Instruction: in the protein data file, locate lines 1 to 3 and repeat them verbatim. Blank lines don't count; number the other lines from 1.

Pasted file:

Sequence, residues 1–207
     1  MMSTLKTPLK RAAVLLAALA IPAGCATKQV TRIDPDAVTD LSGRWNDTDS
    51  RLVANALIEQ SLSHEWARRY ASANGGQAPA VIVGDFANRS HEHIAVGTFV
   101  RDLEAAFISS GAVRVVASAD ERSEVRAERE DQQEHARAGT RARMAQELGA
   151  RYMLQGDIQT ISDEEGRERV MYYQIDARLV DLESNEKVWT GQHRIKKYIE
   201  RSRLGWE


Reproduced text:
Sequence, residues 1–207
     1  MMSTLKTPLK RAAVLLAALA IPAGCATKQV TRIDPDAVTD LSGRWNDTDS
    51  RLVANALIEQ SLSHEWARRY ASANGGQAPA VIVGDFANRS HEHIAVGTFV